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There’s no substitute for the real thing

Ronnie McBrayer

By Ronnie McBrayer

There is an old story told about St. Augustine and a little boy on a beach. Augustine was writing a book on the Trinity and was walking along the seashore, deep in thought. Augustine noticed the little boy pouring seawater into a hole that had been dug in the sand. The little boy would go down to the surf, scoop up water, and quickly carry it back to the hole and dump it in. Augustine finally asked the little boy what he was doing. The boy answered, “I am pouring the sea into this hole.”

Augustine said to the boy, “You are wasting your time. You will never get all that water into that one little hole. It can’t be done.” The boy responded, “Well, you are wasting your time writing about God. You will never get all of him into that one little book.”

That little boy was right. God is bigger than our books, doctrines, belief statements, and theories about him—far bigger. I now resist even using the words “theory” or “explanation” when speaking of God, because these imply that we can figure it all out, when we can’t.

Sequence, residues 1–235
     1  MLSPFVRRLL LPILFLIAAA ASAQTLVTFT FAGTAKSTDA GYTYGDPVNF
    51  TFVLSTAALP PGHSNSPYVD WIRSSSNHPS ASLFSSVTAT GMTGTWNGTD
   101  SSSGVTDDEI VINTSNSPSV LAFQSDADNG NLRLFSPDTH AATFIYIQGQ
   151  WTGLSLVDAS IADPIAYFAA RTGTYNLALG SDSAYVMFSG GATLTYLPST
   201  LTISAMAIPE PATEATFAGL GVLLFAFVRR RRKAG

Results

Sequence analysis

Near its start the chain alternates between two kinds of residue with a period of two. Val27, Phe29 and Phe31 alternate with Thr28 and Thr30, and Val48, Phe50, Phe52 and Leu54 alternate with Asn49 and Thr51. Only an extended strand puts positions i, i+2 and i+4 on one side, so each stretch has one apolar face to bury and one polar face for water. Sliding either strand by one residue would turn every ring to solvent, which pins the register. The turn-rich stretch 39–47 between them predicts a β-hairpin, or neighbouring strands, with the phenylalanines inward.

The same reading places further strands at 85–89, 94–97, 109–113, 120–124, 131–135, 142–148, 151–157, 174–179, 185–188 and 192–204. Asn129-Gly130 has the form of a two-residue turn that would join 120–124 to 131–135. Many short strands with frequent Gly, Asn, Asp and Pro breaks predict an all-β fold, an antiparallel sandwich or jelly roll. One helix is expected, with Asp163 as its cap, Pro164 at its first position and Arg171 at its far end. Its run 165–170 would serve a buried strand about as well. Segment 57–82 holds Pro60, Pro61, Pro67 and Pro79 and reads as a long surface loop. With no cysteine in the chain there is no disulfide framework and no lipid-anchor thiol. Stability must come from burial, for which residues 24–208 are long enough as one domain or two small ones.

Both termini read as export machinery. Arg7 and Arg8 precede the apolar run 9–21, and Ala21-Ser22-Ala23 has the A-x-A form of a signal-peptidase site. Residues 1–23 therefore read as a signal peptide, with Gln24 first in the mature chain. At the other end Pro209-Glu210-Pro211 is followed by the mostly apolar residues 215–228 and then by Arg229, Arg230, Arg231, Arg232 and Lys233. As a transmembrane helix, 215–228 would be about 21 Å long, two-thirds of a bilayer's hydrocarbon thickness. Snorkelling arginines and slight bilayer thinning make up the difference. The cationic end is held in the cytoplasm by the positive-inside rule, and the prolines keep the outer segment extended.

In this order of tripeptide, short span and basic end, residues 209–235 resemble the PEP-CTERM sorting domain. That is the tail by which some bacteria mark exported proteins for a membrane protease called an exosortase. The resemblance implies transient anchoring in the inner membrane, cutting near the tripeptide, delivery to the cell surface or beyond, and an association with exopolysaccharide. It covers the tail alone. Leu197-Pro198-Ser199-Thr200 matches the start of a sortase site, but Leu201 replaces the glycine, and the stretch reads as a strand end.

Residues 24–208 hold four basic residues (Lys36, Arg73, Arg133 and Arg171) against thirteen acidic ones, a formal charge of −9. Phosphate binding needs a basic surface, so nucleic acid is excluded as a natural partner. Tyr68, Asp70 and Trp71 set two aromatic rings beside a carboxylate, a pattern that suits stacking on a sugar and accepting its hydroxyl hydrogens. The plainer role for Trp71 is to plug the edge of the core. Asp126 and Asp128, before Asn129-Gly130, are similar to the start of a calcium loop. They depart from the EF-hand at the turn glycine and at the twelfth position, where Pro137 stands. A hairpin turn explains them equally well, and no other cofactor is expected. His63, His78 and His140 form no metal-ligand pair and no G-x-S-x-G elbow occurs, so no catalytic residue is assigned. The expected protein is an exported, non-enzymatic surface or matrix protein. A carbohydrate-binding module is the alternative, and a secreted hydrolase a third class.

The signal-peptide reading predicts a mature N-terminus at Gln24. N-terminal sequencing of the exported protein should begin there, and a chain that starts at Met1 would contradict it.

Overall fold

C. S. Lewis explained it like this: Suppose a man looks out at the Atlantic Ocean. Then he goes and looks at a map of the Atlantic Ocean. He has turned from something real to something less real. He has turned from actual waves and salty air to “a bit of colored paper.” The map is important, because it is based on what many people have found out by sailing the real Atlantic. And, if you want to go anywhere, the map is necessary, but it’s not the real thing. Lewis concludes that our beliefs are just like that map—important, yes, but a weak representation of the genuine.

What we believe about God is not God. These are bits of colored paper. Yet, our tendency is to fall in love with the map, when God wants us to love him. We are skilled at knowing the ins-and-outs of our religious charts, but God wants us to know him. After all, we cannot have a relationship with a map. We cannot commune with a theological concept. We cannot experience creed or dogma. But we can relate to, commune with, and experience God, a God that is an ever unfolding mystery of wonder and grace, larger than the universe.

Ronnie McBrayer is a syndicated columnist, speaker, and author of multiple books. You can read more and receive regular e-columns in your inbox at www.ronniemcbrayer.me.

 

 

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